$16M invested in loans through Kresge Community Finance to support community development work at CDFIs, DFAs
The Kresge Foundation announced today $16 million in impact investments to nine Community Development Finance Institutions (CDFIs) and Development Finance Agencies (DFAs) working to expand opportunity for low-income people in America’s cities through an initiative called Kresge Community Finance (KCF).
More than 130 organizations submitted proposals for funding, representing more than $280 million in capital requests. The resulting investments from Kresge’s Social Investment Practice pair standardized loans, available for up to 10 years, with equity grants equivalent to 5 percent of the amount of each loan. The grants were made to highlight the need, and difficulty, of these community lenders to raise sufficient equity to grow their lending programs.
In this round, program-related investments through KCF include:
- $3 million to Nonprofit Finance Fund to support the AIM Healthy™ fund and unlock new payers and new relationships at the intersection of health and human services in California.
- $3 million to Self-Help Ventures Fund to support community-led and sustainable food systems nationally with a focus in North Carolina and Illinois.
- $3 million to Saint Paul Port Authority to finance energy-efficiency and renewable-energy projects in low-income communities in Minneapolis-St. Paul.
- $2.5 million to National Housing Trust for the East of the River Opportunity Fund to create and preserve energy-efficient affordable housing in Wards 7 and 8 of Washington, D.C.
- $1 million to Forward Community Investments for Healthy Equitable Communities in the most disinvested neighborhoods of Milwaukee.
- $1 million to the National Federation for Community Development Credit Unions to support CUs transitioning to CU Impact, a community-impact-focused processing system.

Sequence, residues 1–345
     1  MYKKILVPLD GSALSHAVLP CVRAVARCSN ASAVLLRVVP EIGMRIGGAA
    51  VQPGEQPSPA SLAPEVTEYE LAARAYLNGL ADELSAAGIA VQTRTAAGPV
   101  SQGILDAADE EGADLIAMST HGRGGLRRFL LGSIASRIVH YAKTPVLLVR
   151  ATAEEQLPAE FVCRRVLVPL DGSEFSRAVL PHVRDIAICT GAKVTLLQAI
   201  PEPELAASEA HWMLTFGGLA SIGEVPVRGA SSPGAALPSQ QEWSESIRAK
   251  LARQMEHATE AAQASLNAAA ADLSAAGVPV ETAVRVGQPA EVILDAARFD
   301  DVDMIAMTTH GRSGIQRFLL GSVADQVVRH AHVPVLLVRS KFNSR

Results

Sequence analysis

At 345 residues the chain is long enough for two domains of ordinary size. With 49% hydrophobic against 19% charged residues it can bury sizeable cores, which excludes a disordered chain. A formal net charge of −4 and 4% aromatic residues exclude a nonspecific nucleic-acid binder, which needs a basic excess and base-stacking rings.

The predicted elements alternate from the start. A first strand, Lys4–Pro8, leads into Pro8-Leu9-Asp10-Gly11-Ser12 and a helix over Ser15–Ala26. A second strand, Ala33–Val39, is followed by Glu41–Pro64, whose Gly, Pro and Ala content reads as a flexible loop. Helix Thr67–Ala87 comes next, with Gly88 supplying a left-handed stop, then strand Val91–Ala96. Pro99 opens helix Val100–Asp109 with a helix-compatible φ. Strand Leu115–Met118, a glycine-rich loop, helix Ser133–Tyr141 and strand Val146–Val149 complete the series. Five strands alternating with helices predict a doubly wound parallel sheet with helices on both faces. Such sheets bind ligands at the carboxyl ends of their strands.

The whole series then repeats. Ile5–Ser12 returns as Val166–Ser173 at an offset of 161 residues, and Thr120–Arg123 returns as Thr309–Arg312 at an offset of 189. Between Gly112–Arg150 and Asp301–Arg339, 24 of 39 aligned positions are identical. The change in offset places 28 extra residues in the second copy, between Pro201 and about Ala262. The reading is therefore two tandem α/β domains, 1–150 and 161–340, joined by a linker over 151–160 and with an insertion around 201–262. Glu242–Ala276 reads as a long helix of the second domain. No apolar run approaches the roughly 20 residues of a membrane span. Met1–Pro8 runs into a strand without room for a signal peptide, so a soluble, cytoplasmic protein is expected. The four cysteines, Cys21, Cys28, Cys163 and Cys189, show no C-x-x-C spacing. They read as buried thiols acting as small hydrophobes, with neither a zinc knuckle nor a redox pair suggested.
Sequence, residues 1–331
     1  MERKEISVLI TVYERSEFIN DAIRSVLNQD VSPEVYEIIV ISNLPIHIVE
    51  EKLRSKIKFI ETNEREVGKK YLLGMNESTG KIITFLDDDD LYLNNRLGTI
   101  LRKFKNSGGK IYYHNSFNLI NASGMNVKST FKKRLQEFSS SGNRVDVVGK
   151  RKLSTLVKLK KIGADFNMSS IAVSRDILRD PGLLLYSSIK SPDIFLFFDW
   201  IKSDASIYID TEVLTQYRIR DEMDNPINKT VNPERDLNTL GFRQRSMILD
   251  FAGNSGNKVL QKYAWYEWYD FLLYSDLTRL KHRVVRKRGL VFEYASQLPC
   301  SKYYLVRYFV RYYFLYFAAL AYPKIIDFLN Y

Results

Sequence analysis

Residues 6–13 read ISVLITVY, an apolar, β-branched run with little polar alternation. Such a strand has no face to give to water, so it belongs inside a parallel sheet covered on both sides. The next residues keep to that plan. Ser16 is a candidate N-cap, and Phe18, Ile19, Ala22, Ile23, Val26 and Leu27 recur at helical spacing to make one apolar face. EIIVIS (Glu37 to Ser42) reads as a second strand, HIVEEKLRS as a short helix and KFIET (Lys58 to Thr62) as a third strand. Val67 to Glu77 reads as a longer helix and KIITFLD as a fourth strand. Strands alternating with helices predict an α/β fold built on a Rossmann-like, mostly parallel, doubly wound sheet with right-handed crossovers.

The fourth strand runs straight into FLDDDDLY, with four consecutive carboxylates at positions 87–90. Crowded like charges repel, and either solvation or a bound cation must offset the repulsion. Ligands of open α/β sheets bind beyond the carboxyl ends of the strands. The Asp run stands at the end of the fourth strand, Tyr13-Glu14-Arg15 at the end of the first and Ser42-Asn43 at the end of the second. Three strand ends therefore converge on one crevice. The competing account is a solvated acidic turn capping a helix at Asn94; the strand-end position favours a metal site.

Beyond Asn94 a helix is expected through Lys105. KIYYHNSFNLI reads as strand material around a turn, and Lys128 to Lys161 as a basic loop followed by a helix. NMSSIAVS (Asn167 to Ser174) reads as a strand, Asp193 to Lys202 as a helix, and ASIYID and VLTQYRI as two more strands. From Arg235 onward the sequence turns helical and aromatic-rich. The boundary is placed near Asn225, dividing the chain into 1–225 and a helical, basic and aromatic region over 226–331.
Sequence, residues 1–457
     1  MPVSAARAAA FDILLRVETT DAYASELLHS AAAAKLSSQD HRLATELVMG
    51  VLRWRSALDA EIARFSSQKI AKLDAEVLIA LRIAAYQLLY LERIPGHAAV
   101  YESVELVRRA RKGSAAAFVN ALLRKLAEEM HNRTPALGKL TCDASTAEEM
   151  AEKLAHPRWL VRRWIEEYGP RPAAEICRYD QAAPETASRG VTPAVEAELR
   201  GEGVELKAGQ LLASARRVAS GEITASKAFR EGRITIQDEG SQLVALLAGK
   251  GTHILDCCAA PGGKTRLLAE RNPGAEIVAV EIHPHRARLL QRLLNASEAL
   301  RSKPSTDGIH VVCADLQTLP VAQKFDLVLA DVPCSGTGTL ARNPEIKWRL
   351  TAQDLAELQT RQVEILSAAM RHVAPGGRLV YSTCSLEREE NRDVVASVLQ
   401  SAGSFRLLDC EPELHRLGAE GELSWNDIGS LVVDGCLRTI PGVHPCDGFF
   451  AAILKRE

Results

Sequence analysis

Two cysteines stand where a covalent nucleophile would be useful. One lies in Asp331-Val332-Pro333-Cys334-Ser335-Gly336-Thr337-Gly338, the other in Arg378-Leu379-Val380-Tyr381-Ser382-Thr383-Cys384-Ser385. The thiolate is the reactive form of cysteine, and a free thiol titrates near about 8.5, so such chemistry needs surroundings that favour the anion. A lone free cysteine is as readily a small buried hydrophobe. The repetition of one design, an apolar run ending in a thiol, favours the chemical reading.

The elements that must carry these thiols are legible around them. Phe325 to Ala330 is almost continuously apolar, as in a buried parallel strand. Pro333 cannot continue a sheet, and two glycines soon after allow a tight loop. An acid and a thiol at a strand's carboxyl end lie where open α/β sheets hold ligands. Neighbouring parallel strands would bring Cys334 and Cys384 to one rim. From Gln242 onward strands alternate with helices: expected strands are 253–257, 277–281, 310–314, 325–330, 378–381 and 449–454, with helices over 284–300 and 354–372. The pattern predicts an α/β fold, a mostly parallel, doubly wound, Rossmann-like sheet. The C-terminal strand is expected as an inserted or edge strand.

- $1 million to Capital Impact Partners in support of its partnership with the Memphis Medical District Collaborative to finance and promote community development, residential density and walkability. This takes the total KCF investment for $2 million for this work.
- $1 million to EDGE for Memphis and Shelby County for Memphis Creative Corridors.
- $500,000 to Council for Native Hawaiian Advancement to expand opportunities for native Hawaiians and the organizations that serve them.
In total, the foundation invested $30 million in financing and up to $1.5 million in grants through KCF to 14 organizations. The first round of $14 million in funding was announced in late 2016.
“By using a standard loan structure, we aim to demonstrate to newcomers in the social investing space that driving capital to the communities they care about does not have to mean expensive transactions that are difficult to structure and manage,” said Joe Evans, the foundation’s portfolio manager in the Social Investments Practice. “We also paired these investments with equity grants to highlight the essential need nonprofit lending programs have for that type of support.”
Kresge’s Social Investment Practice uses a variety of financial tools to invest in projects that bring both a social and financial return. The foundation has committed to investing $350 million in social investments by 2020.
“To move that amount of money, we need to balance investments that advance our mission with risk and portfolio considerations,” said Kimberlee Cornett, managing director of Kresge’s Social Investments Practice. “The demand for KCF proved to us that there is a market for this type of product, and we’re thrilled to invest in such a range of capable, community-driven lenders.”
CDFIs are private and nonprofit community-based investors that leverage private sector investment to provide financing and technical assistance for a range of community development activities, including job creation, small business development, housing and other community development.
DFAs are public, private and nonprofit development entities that provide financing for programs that foster job creation and economic development with a focus on growing housing and employment opportunities in low income communities.